Wed, 13 June 2018
Latest research by online recruitment firm Gulf Talent reports how staff productivity is bound to take a heavy hit all through World Cup 2018. A recent survey suggests that while some employees will leave work early or utilise their annual and sick leave, a quarter would simply sneak away from their desk to watch it on company TV screens or simply live stream it on their mobile phones.
A whopping 92 percent of employees in the region plan to watch at least some of the games of which 84% were women and 93% were men. Of the surveyed employees, 28% admitted that they planned to watch at least some of the games during their work hours. Interestingly, the survey found accountants more likely to secretly watch the games at their desk, while customer service personnel were expected to utilise their annual leave and stay home. Civil Engineers were found to be more likely leave work early to watch the games, while almost two-thirds of other professionals surveyed said they would sleep late after watching the night matches. To counter the late nights, 74% said they would simply cut down on their bedtime hours while 17% would show up late to work. A further 8% said they’d debit it from their annual leave while 1% of fans have decided to simply call in sick.
Bunking work to watch the FIFA matches was not limited to junior employees. The survey found 32% of senior executives and company directors inclined to watch the games during office hours, as compared to 28% of staff members. Overall, 67% of managers were comfortable allowing their team members towatch some of the games, provided the workload wasn’t too much. The survey found that managers who were themselves inclined to watch the games were more flexible with their employees, even willing to award time off when their personal favorites played.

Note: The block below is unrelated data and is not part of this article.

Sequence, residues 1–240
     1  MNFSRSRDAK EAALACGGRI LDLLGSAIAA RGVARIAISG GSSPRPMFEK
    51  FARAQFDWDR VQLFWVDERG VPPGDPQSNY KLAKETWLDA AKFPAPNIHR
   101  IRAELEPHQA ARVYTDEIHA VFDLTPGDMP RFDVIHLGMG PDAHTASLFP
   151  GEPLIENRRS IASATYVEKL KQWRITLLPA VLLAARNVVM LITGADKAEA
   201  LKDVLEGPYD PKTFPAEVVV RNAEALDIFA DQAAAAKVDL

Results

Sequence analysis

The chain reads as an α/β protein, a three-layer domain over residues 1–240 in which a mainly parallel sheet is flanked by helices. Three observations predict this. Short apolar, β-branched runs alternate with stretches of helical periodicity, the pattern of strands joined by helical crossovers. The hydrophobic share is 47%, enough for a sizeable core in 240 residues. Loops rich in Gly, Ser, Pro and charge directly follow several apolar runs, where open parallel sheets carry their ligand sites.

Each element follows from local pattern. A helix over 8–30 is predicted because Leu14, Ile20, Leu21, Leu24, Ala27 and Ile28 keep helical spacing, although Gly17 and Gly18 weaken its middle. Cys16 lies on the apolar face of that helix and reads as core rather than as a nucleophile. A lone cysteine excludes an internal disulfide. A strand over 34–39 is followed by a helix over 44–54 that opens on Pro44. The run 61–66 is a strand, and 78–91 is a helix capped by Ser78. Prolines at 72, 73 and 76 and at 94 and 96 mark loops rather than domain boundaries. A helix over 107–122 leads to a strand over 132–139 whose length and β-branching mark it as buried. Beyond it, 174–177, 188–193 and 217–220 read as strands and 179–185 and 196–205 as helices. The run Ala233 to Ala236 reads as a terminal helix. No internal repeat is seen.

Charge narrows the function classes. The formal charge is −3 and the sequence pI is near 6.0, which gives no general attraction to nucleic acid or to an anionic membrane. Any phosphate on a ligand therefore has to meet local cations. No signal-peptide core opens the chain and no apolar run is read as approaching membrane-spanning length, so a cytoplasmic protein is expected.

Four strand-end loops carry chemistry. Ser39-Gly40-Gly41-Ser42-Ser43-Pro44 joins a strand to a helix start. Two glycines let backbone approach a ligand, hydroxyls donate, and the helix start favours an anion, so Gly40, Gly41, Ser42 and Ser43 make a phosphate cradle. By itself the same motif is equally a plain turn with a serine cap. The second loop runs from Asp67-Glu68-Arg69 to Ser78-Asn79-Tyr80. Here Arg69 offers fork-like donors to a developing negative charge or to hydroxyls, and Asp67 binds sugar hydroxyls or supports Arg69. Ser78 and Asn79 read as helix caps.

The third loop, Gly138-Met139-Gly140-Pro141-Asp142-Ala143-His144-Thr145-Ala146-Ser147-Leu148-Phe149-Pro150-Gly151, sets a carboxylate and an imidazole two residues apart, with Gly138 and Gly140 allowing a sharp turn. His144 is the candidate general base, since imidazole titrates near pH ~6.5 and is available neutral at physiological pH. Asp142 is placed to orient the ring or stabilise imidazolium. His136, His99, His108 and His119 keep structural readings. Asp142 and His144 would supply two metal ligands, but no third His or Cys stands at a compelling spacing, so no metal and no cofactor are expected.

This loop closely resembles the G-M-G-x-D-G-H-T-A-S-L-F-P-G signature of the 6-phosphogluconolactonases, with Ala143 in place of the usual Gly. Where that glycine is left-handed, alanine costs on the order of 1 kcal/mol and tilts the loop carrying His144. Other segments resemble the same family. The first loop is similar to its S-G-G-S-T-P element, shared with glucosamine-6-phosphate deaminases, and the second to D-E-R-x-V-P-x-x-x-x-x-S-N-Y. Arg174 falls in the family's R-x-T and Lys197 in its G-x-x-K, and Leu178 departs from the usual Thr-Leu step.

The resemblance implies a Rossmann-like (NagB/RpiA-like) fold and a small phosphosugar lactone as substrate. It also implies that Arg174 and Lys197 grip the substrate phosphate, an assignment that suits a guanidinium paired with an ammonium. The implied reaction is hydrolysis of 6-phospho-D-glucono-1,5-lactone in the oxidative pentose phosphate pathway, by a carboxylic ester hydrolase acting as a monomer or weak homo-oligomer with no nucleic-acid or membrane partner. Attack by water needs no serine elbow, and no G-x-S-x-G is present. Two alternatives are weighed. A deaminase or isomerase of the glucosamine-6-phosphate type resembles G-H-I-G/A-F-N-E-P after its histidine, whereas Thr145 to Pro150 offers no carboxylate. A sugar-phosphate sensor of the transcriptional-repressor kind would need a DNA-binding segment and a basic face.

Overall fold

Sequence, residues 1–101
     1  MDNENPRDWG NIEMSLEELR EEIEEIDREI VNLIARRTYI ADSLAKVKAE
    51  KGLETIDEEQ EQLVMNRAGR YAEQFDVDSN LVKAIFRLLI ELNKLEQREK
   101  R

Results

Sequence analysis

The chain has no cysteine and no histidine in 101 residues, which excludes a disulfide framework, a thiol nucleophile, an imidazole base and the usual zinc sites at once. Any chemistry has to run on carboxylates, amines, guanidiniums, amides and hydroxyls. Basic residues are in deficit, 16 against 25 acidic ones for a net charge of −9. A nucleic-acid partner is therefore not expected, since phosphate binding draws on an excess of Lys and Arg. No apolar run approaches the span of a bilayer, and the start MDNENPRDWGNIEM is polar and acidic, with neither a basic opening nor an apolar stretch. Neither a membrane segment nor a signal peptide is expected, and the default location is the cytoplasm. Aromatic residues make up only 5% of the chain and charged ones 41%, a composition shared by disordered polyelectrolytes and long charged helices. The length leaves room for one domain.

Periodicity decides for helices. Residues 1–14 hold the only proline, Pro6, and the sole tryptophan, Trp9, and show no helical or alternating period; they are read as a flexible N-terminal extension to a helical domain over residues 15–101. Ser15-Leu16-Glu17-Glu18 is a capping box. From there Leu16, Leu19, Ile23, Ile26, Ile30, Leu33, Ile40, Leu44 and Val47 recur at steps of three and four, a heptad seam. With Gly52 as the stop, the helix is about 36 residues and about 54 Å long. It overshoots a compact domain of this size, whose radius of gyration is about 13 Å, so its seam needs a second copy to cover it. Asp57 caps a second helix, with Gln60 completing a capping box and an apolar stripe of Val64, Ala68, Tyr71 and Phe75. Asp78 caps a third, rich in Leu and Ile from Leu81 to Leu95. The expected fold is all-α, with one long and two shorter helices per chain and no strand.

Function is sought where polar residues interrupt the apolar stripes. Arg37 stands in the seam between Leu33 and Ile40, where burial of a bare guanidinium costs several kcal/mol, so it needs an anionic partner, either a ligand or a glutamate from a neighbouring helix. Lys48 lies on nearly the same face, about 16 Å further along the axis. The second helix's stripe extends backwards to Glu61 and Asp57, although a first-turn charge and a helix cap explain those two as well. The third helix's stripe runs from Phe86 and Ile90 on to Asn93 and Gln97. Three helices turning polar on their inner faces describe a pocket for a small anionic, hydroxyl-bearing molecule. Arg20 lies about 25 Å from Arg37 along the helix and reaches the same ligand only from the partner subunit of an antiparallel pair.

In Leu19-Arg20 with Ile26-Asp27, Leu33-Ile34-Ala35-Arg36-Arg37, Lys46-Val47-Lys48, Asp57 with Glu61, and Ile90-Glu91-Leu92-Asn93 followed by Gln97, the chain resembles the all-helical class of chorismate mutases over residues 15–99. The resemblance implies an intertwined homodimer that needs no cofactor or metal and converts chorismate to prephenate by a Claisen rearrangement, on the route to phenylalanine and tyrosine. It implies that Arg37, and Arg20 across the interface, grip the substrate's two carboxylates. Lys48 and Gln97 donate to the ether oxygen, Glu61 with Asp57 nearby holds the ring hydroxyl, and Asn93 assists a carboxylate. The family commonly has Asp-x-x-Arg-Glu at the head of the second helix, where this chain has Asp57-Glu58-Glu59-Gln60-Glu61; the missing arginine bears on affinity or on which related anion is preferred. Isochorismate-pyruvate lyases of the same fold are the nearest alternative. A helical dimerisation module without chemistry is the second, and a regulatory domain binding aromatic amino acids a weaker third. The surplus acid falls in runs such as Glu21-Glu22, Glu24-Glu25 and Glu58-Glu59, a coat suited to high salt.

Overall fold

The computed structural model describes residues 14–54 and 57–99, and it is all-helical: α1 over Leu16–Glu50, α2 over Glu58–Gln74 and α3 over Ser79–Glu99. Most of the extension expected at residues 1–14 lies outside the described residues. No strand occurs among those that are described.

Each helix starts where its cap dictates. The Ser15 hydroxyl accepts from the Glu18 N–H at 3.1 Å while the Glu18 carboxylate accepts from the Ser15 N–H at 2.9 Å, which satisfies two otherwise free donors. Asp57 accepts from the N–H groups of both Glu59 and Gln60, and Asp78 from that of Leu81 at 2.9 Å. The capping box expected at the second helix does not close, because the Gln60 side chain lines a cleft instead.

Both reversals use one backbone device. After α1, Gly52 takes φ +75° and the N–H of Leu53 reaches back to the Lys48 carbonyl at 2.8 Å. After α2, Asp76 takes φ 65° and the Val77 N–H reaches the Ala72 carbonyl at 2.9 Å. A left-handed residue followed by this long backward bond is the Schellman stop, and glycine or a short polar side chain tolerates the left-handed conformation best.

The threat to workplace productivity is not confined to the Middle East alone. During the last World Cup, a survey involving 100 UK business leaders by telecoms and IT services provider Coms plc, estimated that the World Cup could result in a loss to British business of 250 million working hours. A separate survey by employment law specialists ELAS put the potential cost of the 2014 World Cup to Britain’s employers at £4bn in lost productivity.
According to GulfTalent, the unprecedented interest has been linked to the fact that four Arab countries have qualified this year. Moreover a large expat presence means there will be several voices cheering their own favourites. Moreover Middle East employers are set to suffer heavily due to inadequate guidelines. Only a few firms had set up stricter time and attendance monitoring, official warnings, potential salary deductions and ways to make up for hours missed. In fact 16% of companies were more generous with allowances such as awarding time off if targets had been achieved, allocating up to three early departures or late arrivals, permission to watch one’s national teams playing, or even providing for collective game watching on company TV screens as a team building initiative.
GulfTalent’s research was based on an online survey of 8,000 professionals based across ten countries in the Middle East and employed in different industries.